The Education Department, during both the Reagan and Bush administrations, dismissed at least three complaints that scholarships for minorities violate civil rights law, rejecting the legal analysis used as part of the basis for its new decision to bar most colleges from awarding scholarships based on race.

The department told Fiesta Bowl officials in a letter last week that its plans to give $200,000 to the University of Louisville and the University of Alabama for scholarships for minority students would violate Title VI of the Civil Rights Act of 1964, which prohibits racial discrimination by colleges and universities that receive federal aid.

In explaining this departure from the department's long-standing policy, Michael L. Williams, the assistant secretary for civil rights, said it was mandated by Supreme Court decisions, including the 1978 ruling in Regents of the University of California v. Bakke. In that case, the court struck down a medical school admissions policy that set aside a specific number of places for minority students.

In response to questions at a news conference Wednesday, Williams said Bakke let universities take race into account as a factor in awarding scholarships, but it could not be the sole factor.

In March 1982, the department dismissed a complaint from a graduate student who said a minority tuition fellowship program at the Massachusetts Institute of Technology discriminated against him in violation of Title VI.

"We do not consider it proper to extend the Bakke decision from admissions policies to all race-conscious actions by universities," Burton M. Taylor, director of post-secondary education in the civil rights office, wrote to the student.

He said that while "admissions quotas" may result in students being kept out of a university, "the availability of a particular financial aid program does not have such a far-reaching effect."

In another case, in 1983, the department upheld fellowship programs at the University of Denver business school funded by private companies and limited to minority students.

In a March 1983 memo, Joan Standlee, deputy assistant secretary for civil rights, noted that the programs did not keep non-minority students from qualifying for "the major proportion" of financial aid at the school. She said they were "voluntary affirmative efforts that are intended to increase minority representation in specified fields" and were consistent with both Title VI and Bakke.

After President Bush took office, the department in September 1989 threw out a complaint that the University of Colorado medical school illegally discriminated against white female students by excluding them from consideration as candidates for the federally funded Patricia Roberts Harris Fellowships.

The regional director for the civil rights office told the university president that restricting the fellowships to black students was "permissible affirmative action" under department regulations implementing Title VI.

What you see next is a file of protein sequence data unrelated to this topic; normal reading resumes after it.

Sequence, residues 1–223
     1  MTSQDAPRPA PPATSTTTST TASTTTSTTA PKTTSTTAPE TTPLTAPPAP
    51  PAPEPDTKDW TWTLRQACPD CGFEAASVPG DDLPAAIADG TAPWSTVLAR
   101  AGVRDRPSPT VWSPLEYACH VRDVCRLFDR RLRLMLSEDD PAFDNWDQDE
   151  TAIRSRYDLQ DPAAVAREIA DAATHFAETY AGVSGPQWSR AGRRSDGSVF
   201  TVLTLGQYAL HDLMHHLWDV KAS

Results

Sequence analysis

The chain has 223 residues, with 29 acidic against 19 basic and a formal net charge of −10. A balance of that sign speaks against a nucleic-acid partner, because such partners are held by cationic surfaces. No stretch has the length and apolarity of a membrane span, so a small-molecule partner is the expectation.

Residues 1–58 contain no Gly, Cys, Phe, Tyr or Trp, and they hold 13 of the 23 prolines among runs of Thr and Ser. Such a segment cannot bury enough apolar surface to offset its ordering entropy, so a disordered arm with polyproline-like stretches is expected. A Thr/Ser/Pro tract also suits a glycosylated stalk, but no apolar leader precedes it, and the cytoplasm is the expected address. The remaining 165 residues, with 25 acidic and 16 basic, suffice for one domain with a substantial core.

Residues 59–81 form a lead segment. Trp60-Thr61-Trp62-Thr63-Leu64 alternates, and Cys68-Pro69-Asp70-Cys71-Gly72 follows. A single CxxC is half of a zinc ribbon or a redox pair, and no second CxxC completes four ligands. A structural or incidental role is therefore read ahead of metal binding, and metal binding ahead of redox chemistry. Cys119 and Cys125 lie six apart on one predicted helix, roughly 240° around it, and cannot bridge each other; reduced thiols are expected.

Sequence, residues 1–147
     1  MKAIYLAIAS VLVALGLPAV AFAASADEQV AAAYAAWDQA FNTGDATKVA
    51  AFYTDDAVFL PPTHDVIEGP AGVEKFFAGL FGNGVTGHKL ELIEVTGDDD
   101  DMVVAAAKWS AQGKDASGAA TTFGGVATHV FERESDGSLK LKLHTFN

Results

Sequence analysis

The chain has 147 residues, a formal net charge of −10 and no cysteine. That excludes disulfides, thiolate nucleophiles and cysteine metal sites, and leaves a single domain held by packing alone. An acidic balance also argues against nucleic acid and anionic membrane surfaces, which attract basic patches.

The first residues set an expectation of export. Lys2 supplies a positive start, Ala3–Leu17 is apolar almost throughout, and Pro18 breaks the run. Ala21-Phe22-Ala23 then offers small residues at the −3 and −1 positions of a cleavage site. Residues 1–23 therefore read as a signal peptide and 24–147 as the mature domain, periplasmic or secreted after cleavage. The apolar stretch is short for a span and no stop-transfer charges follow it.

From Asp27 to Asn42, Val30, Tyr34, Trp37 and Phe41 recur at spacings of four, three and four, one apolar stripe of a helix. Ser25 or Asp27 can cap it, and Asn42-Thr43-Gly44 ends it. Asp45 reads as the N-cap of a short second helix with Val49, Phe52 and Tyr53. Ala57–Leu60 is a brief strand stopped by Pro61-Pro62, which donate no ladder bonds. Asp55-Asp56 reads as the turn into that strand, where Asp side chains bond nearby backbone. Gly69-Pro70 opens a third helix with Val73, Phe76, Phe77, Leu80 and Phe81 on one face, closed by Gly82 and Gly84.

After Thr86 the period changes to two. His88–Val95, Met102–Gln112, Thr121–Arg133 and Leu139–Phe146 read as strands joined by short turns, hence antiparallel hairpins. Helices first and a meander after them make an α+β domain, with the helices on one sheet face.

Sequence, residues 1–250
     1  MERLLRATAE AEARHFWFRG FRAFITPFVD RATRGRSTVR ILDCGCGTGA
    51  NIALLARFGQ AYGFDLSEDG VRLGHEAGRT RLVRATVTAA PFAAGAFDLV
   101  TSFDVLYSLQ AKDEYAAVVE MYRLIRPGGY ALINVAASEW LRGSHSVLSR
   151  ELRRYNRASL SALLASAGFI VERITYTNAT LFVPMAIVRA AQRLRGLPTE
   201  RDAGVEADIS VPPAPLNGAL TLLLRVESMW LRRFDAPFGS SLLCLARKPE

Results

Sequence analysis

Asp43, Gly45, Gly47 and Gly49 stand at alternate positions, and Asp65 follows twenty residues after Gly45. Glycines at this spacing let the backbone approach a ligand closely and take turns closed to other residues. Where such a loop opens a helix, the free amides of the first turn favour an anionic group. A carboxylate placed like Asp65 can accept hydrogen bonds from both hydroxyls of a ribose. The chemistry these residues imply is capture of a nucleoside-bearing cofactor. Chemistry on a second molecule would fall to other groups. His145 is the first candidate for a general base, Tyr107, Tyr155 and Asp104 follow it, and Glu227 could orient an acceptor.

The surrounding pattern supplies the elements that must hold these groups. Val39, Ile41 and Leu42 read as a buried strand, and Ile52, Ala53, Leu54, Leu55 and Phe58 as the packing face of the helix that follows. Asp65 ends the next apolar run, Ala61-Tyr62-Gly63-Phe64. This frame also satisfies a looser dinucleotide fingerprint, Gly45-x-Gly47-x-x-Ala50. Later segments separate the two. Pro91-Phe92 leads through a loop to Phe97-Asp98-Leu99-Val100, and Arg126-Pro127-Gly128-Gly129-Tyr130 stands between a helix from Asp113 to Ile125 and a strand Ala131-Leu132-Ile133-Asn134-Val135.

That letter came nine months after the Supreme Court's ruling in City of Richmond v. Croson overturning a minority set-aside program for contractors. Williams, at a news conference Wednesday explaining the new policy, said department officials were "just law enforcement folks" implementing the Croson decision.

The letter to the University of Colorado, however, does not mention the Croson case. Richard Komer, a deputy to Williams, said the ban does not apply to federally funded scholarships that Congress has designated for groups that are traditionally under-represented in higher education.

He said the department considers federal legislation establishing those scholarships "in harmony with any other federal statute," including the Civil Rights Act. An Education Department spokesman said neither Williams nor any other official was available yesterday to comment further on the issue.

The ban has stirred an intense debate in the Bush administration and opposition from education, civil rights and business groups concerned about the under-representation of most racial minorities in American colleges.

A civil rights lawyer yesterday questioned whether Williams ignored important facts when he decided the University of Louisville could not accept Fiesta Bowl funds for minority scholarships. In his Dec. 4 letter to Fiesta Bowl executive director John Junker, Williams said colleges could award scholarships based solely on race if "mandated to do so by a court or administrative order, corrective action plan, or settlement agreement."

Janell Byrd, a lawyer for the NAACP Legal Defense Fund, said Louisville appeared to qualify for that exemption.

Gary Cox, executive director of Kentucky's Council on Higher Education, said Louisville, a state college, has been covered by a voluntary desegregation agreement between the state and the Office for Civil Rights since 1982 and that plan has included scholarships for minority students. A Louisville spokesman said 217 minority students attend the school on such scholarships.

Byrd said Williams told her during a brief meeting yesterday that he was about to decide whether to rule that the state has successfully desegregated and no longer needs to take such corrective action.